In 2004 we put in at Goochie Ford which was a low-water bridge. The locals called it "The Slab." Zoom in on the map in Mullowney's hand at our Brown's Diner planning session and you can see all the notes for that trip.
Apparently we paddled 13 miles to the big gravel bar island campsite. And since that was our first (and last) one-nighter, that means we also drove from Nashville and ran the shuttle that day. Adult sized serving!
We are older and wiser now and will probably do our river miles something like 5-10-5, Friday, Saturday, Sunday.
Since 2004 , there have been two interesting developments that make it likely we will put in about a mile upstream from Goochie Ford at Readyville (pronounced REEDY-ville).
First reason: The Slab at Goochie Ford is not a slab anymore. It's actually a low bridge now, which is different from a low-water bridge. The former you can paddle under (appealing), the latter you portage over or around (less appealing, and probably why we put in there last time).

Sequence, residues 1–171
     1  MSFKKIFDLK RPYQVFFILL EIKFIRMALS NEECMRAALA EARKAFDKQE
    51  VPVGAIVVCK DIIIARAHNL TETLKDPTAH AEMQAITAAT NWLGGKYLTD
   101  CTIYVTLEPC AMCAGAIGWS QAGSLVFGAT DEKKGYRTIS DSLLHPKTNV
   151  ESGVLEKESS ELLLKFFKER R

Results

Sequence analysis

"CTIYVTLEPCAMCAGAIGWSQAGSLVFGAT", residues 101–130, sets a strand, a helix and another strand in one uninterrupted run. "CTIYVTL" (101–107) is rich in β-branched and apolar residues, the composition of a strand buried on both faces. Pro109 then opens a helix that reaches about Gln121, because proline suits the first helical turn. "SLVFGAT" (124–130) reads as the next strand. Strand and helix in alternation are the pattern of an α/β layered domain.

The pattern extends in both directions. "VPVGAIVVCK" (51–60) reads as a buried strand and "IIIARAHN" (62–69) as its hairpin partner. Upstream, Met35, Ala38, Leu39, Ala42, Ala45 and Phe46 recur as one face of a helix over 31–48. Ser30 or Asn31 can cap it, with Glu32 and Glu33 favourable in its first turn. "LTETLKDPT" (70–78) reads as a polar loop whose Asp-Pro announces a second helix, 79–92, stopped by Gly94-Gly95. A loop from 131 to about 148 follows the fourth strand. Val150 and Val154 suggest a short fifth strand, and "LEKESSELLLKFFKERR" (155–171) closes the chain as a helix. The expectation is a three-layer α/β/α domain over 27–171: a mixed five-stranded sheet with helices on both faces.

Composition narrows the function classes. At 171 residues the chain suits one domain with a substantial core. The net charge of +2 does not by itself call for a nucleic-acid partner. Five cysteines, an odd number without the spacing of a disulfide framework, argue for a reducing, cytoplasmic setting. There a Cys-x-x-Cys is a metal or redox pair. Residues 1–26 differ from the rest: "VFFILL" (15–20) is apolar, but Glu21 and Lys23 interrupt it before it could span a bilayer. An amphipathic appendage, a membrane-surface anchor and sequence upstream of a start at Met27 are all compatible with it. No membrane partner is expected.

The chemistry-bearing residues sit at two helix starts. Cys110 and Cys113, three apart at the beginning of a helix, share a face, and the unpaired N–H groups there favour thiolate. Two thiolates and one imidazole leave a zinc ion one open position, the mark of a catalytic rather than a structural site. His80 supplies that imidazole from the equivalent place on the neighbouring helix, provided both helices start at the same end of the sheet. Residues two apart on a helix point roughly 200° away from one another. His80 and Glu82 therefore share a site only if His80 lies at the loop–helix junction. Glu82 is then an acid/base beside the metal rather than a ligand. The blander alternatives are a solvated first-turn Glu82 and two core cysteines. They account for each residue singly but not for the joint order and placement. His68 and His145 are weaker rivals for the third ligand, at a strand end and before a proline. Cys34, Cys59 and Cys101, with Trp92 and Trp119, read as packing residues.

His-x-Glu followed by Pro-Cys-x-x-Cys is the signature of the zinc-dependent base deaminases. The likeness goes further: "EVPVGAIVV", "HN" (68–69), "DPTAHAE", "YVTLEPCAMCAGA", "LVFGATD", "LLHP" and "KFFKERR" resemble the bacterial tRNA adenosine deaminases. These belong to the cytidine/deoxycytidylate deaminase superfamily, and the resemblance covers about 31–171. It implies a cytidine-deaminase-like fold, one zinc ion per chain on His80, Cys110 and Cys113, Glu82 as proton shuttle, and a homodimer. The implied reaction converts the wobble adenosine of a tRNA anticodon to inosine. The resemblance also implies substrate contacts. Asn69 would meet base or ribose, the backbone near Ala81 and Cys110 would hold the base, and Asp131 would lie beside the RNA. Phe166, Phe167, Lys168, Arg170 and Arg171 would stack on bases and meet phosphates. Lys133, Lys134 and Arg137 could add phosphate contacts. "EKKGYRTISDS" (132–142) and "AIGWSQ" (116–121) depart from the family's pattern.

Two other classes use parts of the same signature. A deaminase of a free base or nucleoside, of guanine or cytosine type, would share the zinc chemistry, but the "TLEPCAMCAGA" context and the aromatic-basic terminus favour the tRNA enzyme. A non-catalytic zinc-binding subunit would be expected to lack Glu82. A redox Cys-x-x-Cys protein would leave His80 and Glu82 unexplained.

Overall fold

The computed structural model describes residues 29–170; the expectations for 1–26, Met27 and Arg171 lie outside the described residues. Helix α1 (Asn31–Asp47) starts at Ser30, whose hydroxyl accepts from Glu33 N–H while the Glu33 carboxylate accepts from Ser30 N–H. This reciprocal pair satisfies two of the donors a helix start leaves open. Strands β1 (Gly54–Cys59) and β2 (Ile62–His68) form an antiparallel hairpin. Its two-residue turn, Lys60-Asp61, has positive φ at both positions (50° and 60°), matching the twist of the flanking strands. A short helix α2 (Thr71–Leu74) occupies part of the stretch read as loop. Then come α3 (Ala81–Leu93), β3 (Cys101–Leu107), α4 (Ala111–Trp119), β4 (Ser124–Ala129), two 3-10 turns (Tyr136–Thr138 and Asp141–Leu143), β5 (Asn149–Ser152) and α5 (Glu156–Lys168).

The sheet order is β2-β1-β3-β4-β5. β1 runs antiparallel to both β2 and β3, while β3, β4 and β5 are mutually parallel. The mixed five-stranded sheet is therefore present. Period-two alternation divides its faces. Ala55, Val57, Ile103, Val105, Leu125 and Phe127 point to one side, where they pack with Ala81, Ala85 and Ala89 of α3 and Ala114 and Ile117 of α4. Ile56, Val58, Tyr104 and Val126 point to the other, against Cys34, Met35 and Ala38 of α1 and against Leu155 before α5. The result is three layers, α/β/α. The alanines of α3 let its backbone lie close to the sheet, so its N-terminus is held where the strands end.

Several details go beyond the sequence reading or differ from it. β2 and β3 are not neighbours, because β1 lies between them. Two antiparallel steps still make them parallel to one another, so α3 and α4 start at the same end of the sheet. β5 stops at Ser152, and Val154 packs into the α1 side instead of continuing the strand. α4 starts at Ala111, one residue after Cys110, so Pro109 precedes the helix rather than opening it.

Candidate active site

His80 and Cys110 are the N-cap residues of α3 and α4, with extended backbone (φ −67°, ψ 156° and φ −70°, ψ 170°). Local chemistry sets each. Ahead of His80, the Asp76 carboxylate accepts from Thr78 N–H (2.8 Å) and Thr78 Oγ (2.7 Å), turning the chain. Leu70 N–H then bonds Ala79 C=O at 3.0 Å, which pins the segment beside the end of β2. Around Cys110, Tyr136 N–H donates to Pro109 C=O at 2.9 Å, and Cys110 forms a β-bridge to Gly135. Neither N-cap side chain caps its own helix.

New Goochie Ford Bridge
The second positive development is the mill at Readyville. https://www.readyvillemill.com/
Click on history. Since we were there last it was purchased, restored, and reopened as an operating grist mill. Just like the glory days of Rat McFerrin. They open at 9:00 am on Saturdays so we can buy our dry goods that morning.
Bonus fact from the history of the mill: the Stones River did not get its name from the stones in the river, or from The Stones, but from Uriah Stone. Uriah did have some big stones though. He was not afraid of creditors or Indians: http://vagenweb.org/lee/UriahStoneMA.html
Actually maybe he was afraid of Indians: https://www.dnj.com/story/news/local/2014/11/15/harbers-history-lesson-river-carries-stones-legacy/19104745/
Bonus reasons for putting in at the mill: they have given us actual permission to launch there, and we don't have to clamber over all that rip-rap at Goochie Ford with our heavy canoes and cast iron. Really the only reason we won't is if the water is too high to get the canoes under the bridge at Goochie Ford.
Either way our first night will be somewhere after the confluence with McKnight Branch (traveling right to left on this map):
I'll preview the second half of the trip next week.